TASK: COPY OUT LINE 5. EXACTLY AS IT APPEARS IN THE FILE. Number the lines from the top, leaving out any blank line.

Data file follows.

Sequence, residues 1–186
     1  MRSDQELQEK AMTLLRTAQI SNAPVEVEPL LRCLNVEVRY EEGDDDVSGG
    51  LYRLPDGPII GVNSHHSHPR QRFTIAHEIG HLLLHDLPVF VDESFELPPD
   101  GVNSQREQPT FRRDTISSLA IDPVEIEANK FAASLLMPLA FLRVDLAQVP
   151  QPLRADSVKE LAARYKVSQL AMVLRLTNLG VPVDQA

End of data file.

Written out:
   151  QPLRADSVKE LAARYKVSQL AMVLRLTNLG VPVDQA